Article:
Hibernation, together with estivation, is a mechanism used by different organisms to avoid stress as a result of extreme temperatures, unavailability of food, lessened photoperiod, and lack of water. As a result, they serve as energy conservation mechanisms. Even the shortest periods of torpor can conserve significant amounts of energy. This efficient mechanism of conserving energy is best illustrated with a hummingbird, which is the smallest bird that exhibits circadian torpor as compared to the smallest mammal, shrew that always remains active in 24 hours. Metabolic rate is a function of oxygen consumption, and in an environment with temperatures of approximately 75°F in the day, a resting but awake hummingbird consumes about 14 ml of oxygen per gram every hour. The rate drops at dusk to sleeping level and finally plummets to a torpid level of approximately 0.8 ml of oxygen per gram every hour. At daybreak, the hummingbird awakens to another period of activity. Hummingbirds have among the highest metabolic rates as well as the highest range of metabolic of all vertebrates. On the other hand, the shrew consumes almost the same levels of oxygen as the hummingbird consumes during the day. However, at night it increases the consumption even higher.   

Entering Into Hibernation

Mammals that hibernate can be categorized into four groups depending on their way of entering hibernation. The first group is represented by the golden hamster. This group waits in the cold for about one to three months before entering hibernation following one significant reduction in temperature. This is achieved through a mechanism of physiological and biochemical preparations that reach sufficient levels to make the animal receptive to hibernating stimulus and cause the animal to abandon the differences in body temperature and ambient temperature. The pocket mouse represents the second group, and they prepare for hibernation much quicker. They become torpid after waiting for only a few days following a single significant decline in temperature.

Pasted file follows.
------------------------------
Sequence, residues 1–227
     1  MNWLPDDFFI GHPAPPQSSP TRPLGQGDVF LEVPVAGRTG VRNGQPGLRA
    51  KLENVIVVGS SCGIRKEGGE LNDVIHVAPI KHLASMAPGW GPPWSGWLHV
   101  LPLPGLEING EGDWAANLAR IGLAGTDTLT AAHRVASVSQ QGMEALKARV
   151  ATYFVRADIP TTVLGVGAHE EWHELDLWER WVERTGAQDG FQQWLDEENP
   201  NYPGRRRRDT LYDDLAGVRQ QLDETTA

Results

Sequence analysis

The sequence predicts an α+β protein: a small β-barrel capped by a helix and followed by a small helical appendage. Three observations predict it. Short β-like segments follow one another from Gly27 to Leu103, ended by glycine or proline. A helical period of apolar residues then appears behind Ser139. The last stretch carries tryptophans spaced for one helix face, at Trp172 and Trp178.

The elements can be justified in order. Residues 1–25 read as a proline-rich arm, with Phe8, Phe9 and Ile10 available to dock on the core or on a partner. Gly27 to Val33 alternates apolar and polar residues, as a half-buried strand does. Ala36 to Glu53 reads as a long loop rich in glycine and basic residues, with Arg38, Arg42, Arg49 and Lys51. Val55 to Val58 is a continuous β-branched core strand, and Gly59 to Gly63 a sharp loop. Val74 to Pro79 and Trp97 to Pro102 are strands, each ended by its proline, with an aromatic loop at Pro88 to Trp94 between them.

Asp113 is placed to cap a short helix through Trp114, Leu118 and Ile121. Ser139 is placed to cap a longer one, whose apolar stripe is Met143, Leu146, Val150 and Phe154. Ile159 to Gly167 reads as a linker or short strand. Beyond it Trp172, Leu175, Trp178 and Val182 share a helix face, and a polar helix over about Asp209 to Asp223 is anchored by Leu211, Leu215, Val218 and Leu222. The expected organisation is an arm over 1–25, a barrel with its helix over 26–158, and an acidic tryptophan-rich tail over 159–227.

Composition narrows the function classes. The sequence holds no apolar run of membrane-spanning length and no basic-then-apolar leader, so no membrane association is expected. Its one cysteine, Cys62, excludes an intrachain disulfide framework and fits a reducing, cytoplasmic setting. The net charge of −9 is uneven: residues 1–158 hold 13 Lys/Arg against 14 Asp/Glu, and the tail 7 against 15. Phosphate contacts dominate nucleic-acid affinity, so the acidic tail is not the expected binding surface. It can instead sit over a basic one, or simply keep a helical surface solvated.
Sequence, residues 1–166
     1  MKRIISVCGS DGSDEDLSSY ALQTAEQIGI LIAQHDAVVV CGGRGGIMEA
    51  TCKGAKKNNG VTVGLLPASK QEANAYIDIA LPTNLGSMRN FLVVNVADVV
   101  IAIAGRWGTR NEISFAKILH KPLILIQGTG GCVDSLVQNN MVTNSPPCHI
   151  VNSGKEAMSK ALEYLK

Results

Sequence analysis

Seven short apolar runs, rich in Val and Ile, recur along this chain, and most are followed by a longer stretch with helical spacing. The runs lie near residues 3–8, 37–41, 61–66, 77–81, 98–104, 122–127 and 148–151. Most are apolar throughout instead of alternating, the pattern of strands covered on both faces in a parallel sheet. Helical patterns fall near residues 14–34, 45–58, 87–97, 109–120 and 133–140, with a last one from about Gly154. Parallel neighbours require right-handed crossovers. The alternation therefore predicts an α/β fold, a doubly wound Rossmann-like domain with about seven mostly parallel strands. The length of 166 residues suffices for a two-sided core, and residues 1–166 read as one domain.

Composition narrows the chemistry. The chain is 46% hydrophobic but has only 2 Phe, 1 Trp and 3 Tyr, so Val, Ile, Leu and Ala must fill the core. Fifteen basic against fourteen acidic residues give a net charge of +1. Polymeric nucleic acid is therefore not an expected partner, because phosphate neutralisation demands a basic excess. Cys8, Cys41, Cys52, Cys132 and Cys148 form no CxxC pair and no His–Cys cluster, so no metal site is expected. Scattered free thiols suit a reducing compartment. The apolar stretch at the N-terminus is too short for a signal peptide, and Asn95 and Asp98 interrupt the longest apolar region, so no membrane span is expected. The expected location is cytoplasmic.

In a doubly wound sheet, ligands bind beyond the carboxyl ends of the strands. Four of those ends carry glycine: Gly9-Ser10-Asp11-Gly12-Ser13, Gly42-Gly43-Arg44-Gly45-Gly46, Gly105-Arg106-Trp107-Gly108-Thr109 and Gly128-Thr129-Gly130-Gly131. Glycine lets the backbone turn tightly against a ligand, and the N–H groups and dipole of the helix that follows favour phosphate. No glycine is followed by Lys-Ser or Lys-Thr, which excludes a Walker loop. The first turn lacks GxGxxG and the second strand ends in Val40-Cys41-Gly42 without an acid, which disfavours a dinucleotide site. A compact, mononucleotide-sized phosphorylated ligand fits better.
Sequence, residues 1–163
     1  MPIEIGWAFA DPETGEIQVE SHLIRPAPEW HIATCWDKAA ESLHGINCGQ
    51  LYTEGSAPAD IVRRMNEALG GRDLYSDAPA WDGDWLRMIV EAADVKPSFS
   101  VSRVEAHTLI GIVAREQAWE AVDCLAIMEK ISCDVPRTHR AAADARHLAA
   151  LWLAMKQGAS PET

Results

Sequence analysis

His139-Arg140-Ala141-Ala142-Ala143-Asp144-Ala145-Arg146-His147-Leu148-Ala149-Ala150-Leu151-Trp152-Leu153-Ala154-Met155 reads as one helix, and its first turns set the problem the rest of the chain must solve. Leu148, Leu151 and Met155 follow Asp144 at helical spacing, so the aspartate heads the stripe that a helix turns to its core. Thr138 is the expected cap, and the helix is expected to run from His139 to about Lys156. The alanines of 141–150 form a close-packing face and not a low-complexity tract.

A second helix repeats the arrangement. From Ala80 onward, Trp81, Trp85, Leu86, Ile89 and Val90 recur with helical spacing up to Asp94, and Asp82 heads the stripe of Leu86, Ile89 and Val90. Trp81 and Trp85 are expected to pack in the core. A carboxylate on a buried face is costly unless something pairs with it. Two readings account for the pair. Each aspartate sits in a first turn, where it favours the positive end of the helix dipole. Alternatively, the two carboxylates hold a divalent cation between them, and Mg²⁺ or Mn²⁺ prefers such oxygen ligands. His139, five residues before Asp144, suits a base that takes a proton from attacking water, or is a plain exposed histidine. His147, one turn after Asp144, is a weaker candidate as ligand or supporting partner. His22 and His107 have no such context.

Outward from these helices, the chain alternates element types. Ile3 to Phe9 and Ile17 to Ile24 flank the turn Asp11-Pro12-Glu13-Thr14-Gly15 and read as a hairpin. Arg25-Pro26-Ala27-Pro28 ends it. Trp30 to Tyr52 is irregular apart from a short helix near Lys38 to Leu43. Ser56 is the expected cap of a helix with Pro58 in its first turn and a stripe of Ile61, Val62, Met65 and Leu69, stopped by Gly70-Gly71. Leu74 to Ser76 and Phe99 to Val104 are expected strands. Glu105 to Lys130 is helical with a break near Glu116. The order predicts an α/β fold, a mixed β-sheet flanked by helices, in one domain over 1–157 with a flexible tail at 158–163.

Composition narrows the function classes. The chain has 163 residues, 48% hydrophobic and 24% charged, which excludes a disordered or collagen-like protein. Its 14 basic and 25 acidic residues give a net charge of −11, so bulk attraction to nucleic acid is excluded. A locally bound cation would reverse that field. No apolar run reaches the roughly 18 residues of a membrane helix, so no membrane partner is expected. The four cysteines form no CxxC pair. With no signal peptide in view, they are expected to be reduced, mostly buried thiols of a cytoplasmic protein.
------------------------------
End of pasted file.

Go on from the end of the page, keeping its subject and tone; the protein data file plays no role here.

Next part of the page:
The third group accounts for most of the hibernating mammals, and marmots and ground squirrels represent the group. This group enters into hibernation after waiting for a few days, and they go through a series of torpor and arousal, with each successive step being of lower body temperature than the previous one until they achieve a stage of hibernation. The 4th group includes the majority of bats, and their body temperatures follow the ambient temperature. Bats do not only exhibit characteristics of true hibernators during the winter but the remaining part of the year, they exhibit hypothermia, which is not related to hibernation.